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When I look some multimeter manuals it says stuff like "0,2% +5", and in videos I hear this as "0,2% plus 5 digits"...but what does it mean in practice? What is this +5 saying?

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The 5 digits is 5 least-significant digits in the display on that specific range. That corresponds to a percentage of full scale, which is the more modern way to indicate accuracy.

The 0.2% should be (but is not always) a percentage of reading.

The total inaccuracy is the sum of the two.

In other words, if the basic DC accuracy of a 4-1/2 digit meter on the 2 volt range is stated as 0.2% + 5 digits, and you are reading a 0.5V signal, the error specification is 0.002 * 500mV + 0.5mV or 1.5mV (+/-0.3% of reading).

A reading of 500.0mV would represent an input voltage somewhere between 498.5mV and 501.5mV.

Edit: Maybe if I show this in a table it will be a bit more clear

Let's assume the range is +/-1.9999 Volts (4.5 digit meter) and the specification is +/-0.2% + 5 digits.

enter image description here

Naturally, you'd normally switch to a lower range (if one is available) once you won't go over the lower range. So if there's a +/-199.99mV range available you'd switch for the 100mV example, but for a 200.1mV input you'd be stuck with +/-0.45% error.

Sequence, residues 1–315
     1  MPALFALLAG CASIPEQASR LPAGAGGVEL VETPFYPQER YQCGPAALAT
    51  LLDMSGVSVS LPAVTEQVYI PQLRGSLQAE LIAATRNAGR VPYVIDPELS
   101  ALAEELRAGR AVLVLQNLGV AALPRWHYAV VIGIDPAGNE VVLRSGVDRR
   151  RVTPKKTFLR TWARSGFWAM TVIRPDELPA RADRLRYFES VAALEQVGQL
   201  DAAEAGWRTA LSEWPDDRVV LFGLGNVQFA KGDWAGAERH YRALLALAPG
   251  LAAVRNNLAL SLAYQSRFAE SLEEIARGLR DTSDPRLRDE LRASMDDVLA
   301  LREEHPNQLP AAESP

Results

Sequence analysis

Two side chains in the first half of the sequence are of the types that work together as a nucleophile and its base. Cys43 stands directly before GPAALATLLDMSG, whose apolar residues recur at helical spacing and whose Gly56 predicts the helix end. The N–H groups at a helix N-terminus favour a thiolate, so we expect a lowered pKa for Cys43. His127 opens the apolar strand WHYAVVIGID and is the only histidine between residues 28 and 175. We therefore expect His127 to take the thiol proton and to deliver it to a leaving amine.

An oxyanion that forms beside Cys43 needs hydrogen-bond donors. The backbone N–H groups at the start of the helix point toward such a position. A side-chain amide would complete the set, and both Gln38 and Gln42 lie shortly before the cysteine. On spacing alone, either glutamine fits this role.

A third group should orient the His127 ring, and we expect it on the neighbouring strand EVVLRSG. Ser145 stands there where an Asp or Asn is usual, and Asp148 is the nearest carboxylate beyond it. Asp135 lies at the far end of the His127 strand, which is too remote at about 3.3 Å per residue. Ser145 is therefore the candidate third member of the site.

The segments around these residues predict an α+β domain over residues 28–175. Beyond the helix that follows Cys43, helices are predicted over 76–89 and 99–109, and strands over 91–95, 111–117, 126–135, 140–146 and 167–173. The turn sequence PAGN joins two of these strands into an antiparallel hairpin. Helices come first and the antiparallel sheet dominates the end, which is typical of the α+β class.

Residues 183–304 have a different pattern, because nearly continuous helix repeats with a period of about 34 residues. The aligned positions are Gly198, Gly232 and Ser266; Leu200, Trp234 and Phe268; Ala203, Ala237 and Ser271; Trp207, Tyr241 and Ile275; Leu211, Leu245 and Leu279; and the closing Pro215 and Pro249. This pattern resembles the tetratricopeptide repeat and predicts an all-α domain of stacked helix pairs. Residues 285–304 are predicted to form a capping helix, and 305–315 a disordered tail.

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  • \$\begingroup\$ Small elaboration of Spehro's answer: a 4 1/2 digit meter, on 2V scale, reads up to 1.9999 (the leading '1' is the half-digit). The lowest order digit thus counts increments of 0.1mV. So 5 'lowest order digits' would be up to +0.5mV. The 0.2% is of the signal under test, so in this case 0.002 * 0.5V = 1.0mV. Assuming +/- for both error components, that's how you arrive at Spehro's answer. \$\endgroup\$ – gwideman Apr 7 '14 at 2:00
  • \$\begingroup\$ Ok, I think I am getting it, but it's still a little confusing...why do they sow it like this, and not just a percentage? Why I have to do the math if they already know it in the first hand? And if I got it right, just get the lowest digit (0.1mV), multiply by the number in the manual (5) and take the percentage out of this (0,2%)...is this correct? \$\endgroup\$ – mFeinstein Apr 7 '14 at 3:20
  • \$\begingroup\$ @SpehroPefhany, if you could elaborate more the math and explain things more clearly, this will make thing a lot easier for begginers reading this :) \$\endgroup\$ – mFeinstein Apr 7 '14 at 3:23
  • \$\begingroup\$ @mFeinstein The reason it's shown like this is that it's different for every reading. If you try to read 500uV on the 2 volt scale in my example, the error could be 100% (5 'counts'). You get the most accurate reading with a high number of counts (which should be intuitive). \$\endgroup\$ – Spehro Pefhany Apr 7 '14 at 3:24

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